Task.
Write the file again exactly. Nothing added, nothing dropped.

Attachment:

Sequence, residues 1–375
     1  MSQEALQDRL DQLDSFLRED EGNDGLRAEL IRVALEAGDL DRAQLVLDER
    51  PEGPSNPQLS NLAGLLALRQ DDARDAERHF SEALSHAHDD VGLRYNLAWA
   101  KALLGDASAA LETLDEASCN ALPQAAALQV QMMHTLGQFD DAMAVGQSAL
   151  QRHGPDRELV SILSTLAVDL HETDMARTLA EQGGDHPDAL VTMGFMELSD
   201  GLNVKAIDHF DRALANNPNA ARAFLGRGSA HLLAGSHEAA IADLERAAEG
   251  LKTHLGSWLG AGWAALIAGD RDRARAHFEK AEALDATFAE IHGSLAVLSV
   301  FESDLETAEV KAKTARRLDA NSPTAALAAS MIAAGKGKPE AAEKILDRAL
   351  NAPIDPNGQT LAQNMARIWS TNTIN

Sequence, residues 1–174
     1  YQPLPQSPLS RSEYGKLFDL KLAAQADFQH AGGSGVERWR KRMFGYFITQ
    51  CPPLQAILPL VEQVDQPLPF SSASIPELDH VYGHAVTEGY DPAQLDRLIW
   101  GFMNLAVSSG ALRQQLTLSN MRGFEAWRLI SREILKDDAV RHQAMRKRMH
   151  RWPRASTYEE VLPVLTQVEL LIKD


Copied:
Sequence, residues 1–375
     1  MSQEALQDRL DQLDSFLRED EGNDGLRAEL IRVALEAGDL DRAQLVLDER
    51  PEGPSNPQLS NLAGLLALRQ DDARDAERHF SEALSHAHDD VGLRYNLAWA
   101  KALLGDASAA LETLDEASCN ALPQAAALQV QMMHTLGQFD DAMAVGQSAL
   151  QRHGPDRELV SILSTLAVDL HETDMARTLA EQGGDHPDAL VTMGFMELSD
   201  GLNVKAIDHF DRALANNPNA ARAFLGRGSA HLLAGSHEAA IADLERAAEG
   251  LKTHLGSWLG AGWAALIAGD RDRARAHFEK AEALDATFAE IHGSLAVLSV
   301  FESDLETAEV KAKTARRLDA NSPTAALAAS MIAAGKGKPE AAEKILDRAL
   351  NAPIDPNGQT LAQNMARIWS TNTIN

Sequence, residues 1–174
     1  YQPLPQSPLS RSEYGKLFDL KLAAQADFQH AGGSGVERWR KRMFGYFITQ
    51  CPPLQAILPL VEQVDQPLPF SSASIPELDH VYGHAVTEGY DPAQLDRLIW
   101  GFMNLAVSSG ALRQQLTLSN MRGFEAWRLI SREILKDDAV RHQAMRKRMH
   151  RWPRASTYEE VLPVLTQVEL LIKD